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Bubbles/fisheyes in Powdercoating?
Q. I recently received my first powdercoated article from what I thought was a reputable powdercoating company in Los Angeles ... My parts are permanent molded aluminum. Anyway, the parts came back with what looks like "fish-eyes" and slight bubbles in the finish. The shop says that this is due to the material "gassing", but at their Coating temp of 450 °F, I am surprised that it could be related to the aluminum. Could this be true, or is this related to poor cleaning or preparation?
Manufacturing - Los Angeles, California, U.S.A.
This "out gassing" occurs on aluminum castings - to overcome this ask your coater to pre-heat a few samples of your item and whilst still warm apply the powder. Check this against normal production.
-- OR --
The simple answer is to use an anti-gassing powder. This is a standard powder plus an additive to the powder by the mfgr. or the powder applicator -- this slows down the cure of the powder thus allowing the gases to escape before final cure.Terry Hickling
Birmingham, United Kingdom
The "bubbles" could be out gassing and the "fish eyes" could be contamination. (It's hard to say without seeing the defects). Either way it is not a viable excuse from the sprayer. There are ways of over coming these defects which are quite basic in the powder coating industry. If you paid for a good finish you should get one and if your workpeice has defects the sprayer should recoat it. Again take no excuse, suggest that he pre-heats the part to overcome the out-gassing and suggest that he cleans the part correctly before coating.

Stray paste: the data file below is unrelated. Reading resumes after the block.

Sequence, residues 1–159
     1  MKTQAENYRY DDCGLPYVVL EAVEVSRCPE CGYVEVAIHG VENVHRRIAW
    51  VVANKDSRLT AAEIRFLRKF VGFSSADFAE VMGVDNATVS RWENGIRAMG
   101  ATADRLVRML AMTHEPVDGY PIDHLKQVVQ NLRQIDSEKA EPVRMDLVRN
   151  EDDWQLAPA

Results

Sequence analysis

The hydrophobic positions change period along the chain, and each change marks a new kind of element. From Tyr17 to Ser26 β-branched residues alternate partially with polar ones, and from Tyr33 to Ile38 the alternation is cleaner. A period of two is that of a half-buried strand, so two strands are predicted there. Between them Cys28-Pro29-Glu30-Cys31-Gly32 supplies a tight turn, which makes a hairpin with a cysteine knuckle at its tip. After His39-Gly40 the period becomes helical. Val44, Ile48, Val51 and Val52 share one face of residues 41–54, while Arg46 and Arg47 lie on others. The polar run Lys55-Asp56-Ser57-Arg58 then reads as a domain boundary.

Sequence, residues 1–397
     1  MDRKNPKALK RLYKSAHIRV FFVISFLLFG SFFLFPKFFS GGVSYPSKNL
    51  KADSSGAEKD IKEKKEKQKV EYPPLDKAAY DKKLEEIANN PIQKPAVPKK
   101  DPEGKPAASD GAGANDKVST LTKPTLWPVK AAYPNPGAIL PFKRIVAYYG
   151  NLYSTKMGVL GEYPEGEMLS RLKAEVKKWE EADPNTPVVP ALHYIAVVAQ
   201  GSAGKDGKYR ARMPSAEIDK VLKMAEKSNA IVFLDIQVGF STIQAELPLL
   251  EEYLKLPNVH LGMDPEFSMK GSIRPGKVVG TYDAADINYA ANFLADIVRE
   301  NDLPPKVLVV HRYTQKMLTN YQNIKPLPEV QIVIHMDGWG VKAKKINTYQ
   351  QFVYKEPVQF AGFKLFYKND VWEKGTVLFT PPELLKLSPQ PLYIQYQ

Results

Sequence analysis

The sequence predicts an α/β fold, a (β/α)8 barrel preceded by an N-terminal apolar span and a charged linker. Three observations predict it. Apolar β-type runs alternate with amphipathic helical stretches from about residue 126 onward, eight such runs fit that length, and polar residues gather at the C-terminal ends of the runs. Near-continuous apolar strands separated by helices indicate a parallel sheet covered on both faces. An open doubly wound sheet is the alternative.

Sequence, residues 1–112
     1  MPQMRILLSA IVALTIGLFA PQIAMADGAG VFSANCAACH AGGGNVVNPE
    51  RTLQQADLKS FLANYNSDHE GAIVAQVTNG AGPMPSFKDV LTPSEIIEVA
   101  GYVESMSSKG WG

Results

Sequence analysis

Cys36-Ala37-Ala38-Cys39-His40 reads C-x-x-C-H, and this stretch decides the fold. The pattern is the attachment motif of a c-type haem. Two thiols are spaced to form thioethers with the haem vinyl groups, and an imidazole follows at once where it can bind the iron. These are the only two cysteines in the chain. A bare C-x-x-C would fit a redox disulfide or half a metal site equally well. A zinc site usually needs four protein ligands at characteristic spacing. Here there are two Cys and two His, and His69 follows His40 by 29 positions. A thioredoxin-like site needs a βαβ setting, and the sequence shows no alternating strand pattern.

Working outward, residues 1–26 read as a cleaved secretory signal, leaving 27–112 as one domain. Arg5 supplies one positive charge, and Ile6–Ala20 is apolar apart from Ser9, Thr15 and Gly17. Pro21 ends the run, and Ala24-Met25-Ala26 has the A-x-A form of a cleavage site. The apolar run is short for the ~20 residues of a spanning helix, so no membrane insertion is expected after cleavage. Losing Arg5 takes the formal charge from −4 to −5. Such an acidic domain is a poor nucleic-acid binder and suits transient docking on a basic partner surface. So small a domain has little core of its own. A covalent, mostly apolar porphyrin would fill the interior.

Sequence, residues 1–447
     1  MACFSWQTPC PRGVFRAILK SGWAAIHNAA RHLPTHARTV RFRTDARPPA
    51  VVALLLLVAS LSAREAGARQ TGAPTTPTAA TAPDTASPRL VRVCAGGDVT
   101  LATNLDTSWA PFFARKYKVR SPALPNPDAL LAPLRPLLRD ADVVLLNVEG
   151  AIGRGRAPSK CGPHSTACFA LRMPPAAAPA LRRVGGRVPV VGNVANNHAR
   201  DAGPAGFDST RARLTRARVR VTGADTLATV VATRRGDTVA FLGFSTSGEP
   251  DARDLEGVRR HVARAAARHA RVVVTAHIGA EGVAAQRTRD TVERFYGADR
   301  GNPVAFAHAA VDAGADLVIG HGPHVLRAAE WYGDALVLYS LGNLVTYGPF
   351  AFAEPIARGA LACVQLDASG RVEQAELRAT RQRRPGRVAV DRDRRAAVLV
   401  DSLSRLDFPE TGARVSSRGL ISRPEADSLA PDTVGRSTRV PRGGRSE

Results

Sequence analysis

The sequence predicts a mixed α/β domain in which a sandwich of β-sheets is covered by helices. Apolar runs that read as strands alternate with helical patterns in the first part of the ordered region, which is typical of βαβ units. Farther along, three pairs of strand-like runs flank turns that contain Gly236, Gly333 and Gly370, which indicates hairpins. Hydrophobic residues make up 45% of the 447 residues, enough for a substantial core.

Hope this HelpsDrew Devlin
- Lincolnshire, UK
A. Fisheyes are usually airborne or air supply contaminates, they are the coaters problem. Parts with fisheyes are usually reworked before the customer is called to pick up the parts to save face(reputation). If "the shop" didn't tell you about, or attempt to fix, the fisheye or outgassing problems before you got there, find another reputable coater and try again. This time, tell them that you want a blemish free finish. Take a tour and look at some of the products that they are currently working on, and expect the same quality. Also expect to pay extra if the parts have to be outgassed prior to the painting. They will basically have to run them through two cure cycles (the first one at a higher temp and longer oven time than the second).
supply chain electronics
Wake Forest, North Carolina